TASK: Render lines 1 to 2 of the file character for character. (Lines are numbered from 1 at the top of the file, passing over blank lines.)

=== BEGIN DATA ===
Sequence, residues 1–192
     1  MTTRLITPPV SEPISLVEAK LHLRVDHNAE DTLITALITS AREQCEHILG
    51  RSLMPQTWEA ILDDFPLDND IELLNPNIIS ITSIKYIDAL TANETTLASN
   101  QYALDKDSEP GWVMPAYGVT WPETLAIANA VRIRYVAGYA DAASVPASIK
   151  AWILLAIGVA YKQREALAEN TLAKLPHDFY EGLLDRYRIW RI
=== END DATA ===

Sequence, residues 1–192
     1  MTTRLITPPV SEPISLVEAK LHLRVDHNAE DTLITALITS AREQCEHILG